>> Case Study
A Case of Morphing Legal Charges in China
The Rio Tinto company of Australia is one of the largest producers of iron ore in the world. It is a major supplier to China, which has the largest steel industry in the world. This relationship, however, has been strained over the past several years. The tension and complexity of this relationship was highlighted by the prosecution of Rio Tinto executives by the Chinese government. The executives were originally charged with espionage, accused of bribing Chinese steel industry officials for information that would enable the company to inflate iron ore prices. The execu¬tives were detained in China for nearly a year pending the trial. The case was "considered the most closely watched prosecution of executives from a foreign country" This was due to the potential implications for the many companies that currently and hope to do business in China.
However, when the executives arrived at trial the charges had been changed. Now the Rio Tinto executives were charged with accepting $12 million worth of bribes from Chinese steel industry officials. These officials presumably attempted to gain pricing information for iron ore to aid in their negotiations for allocations.
Chinese prosecutors (and officials) did not explain why the charges were switched, why they would charge foreign executives for accepting bribes, or why they have not yet charged or arrested anybody from steel companies that offered bribes.
"Chinese police and prosecutors have considerable leeway to arrest and even indict suspects for one offense and then change course and bring than to trial on different charges. [Such practices) prompted fears among mining company executives, foreign workers, and investors that they could be subject to legal penalties if they get into disputes with their local partners "
What Would You Do?
Considering only the information above, answer the following questions.
Part A. Assume you are a high-potential, rising-star manager within Rio Tinto and are offered a position at a company facility in China.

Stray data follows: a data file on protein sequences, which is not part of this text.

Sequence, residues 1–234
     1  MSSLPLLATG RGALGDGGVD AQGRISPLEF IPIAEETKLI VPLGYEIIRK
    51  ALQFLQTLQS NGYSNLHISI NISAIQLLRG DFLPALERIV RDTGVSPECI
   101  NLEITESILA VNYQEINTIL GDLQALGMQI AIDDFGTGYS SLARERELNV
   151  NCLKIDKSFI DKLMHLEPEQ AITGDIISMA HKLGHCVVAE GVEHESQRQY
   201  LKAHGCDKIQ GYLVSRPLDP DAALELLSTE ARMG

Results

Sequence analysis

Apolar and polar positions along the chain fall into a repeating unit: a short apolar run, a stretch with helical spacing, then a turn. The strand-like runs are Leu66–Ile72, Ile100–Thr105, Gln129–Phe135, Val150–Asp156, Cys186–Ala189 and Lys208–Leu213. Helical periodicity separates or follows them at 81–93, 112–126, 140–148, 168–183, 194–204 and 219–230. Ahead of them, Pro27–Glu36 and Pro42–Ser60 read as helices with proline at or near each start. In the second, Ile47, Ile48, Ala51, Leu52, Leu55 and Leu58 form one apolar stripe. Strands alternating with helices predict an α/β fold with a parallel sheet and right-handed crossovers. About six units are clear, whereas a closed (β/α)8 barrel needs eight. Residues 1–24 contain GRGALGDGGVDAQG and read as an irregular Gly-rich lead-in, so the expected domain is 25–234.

Because China is the company's biggest customer, an assignment there is likely to advance your career.
1. Would you take the position? If yes. then explain why. Also describe what you might do to prevent a situation similar to the one above.
2. If no, then explain why you made this choice. Also explain bow you would communicate this decision to the manager who offered you the position.
Part B. Assume you are the CEO of Rio Tinto.
3. Considering only the information above, what changes if any would you make to company policy related to doing business in China?
Part C. Additional information came to light after the trial. Just before the executives were detained, the Chinese steel industry association complained about inflated iron ore prices and blamed Rio Tinto and others for a breakdown in iron ore contract talks. Additionally, "Rio Tinto scrapped plans to accept a $19.5 billion investment from Chinalco, one of China's biggest state-owned mining groups.
4. Based on this new information, do your answers to questions 1, 2, and 3 change? Explain why or why not.
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I would not take the position. Although there are high chances of my up-gradation as a manager but I would not risk my current job as there is no assurance given to me in the present scenario of being protected.
I will not accept the chance of taking up the position as,if the Chinese government accuses that we, the Australian executives have planned wrong deeds of profit making, then there is no assurance from Rio Tinto. I am not confirmed of the fact that the company would protect me from going behind the bars for any accusation thrown by the Chinese .